British Prime Minister Theresa May is requesting that the deadline for her country to leave the European Union be extended until June 30.
In a letter to European Council President Donald Tusk Friday, May said that “the United Kingdom proposes that this period should end on 30 June, 2019.”
EU leaders agreed late last month to prolong the Brexit date from March 29 until April 12, unless May could push their mutually agreed divorce deal through Parliament.
Meanwhile, Tusk has urged EU member states to offer Britain a flexible extension of up to a year to make sure the nation doesn’t crash out of the bloc in a chaotic and costly way.
Two EU officials, who requested anonymity because they weren’t authorized to disclose information before it was made public, said that Tusk wants a one-year “Flextention” and get it approved at next Wednesday’s EU summit.
Such a move would mean that the U.K. needs to take part in the May 23-26 European elections — something which May has long argued against but said in her letter that Britain will make contingency plans to participate in if no Brexit deal is reached in the interim.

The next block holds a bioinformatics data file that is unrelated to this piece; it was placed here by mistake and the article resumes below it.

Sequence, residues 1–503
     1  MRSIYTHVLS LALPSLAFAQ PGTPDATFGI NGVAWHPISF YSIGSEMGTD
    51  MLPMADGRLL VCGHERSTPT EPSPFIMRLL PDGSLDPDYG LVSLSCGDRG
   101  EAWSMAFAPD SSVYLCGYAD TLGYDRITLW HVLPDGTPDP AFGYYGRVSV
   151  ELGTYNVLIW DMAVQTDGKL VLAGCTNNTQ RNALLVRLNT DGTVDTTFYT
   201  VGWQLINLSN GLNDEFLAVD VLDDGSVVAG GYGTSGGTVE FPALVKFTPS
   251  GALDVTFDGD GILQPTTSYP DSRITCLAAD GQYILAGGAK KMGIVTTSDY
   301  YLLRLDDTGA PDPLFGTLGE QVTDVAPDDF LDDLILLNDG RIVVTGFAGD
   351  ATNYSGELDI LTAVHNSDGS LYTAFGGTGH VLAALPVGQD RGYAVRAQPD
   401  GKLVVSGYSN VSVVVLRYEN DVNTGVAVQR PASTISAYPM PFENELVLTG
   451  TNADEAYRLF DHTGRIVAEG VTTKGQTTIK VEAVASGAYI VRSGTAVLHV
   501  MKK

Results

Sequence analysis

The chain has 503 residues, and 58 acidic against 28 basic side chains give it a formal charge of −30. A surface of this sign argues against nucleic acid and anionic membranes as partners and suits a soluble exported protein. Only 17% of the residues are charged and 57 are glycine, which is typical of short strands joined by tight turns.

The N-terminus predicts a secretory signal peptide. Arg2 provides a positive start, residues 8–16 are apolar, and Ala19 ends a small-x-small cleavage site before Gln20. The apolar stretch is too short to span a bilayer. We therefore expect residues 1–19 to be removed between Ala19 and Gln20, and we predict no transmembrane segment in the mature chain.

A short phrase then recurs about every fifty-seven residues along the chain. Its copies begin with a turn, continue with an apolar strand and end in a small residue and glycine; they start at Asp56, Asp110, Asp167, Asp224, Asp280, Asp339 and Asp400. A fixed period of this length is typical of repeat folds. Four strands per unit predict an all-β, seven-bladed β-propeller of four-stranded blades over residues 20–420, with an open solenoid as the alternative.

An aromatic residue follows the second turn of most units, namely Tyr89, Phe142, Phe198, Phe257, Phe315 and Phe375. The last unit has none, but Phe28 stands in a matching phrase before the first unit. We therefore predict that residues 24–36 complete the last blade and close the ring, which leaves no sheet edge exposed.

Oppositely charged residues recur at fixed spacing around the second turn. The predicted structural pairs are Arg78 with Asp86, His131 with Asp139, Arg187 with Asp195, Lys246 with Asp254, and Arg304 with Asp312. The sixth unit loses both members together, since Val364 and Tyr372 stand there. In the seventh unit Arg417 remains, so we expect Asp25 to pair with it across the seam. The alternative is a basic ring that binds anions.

May said she is making these preparations even though she believes it’s not in Britain’s interest or the European Union’s interest for Britain to take part in the elections because it is a departing member state.
May said she “accepts” the EU position that if Britain hasn’t left the 28-nation bloc by May 23, it will have a legal obligation to take part in the elections.
The prime minister said she is still hopeful of reaching a compromise agreement that could take Britain out of the EU before that time.
This story originally appeared on CBC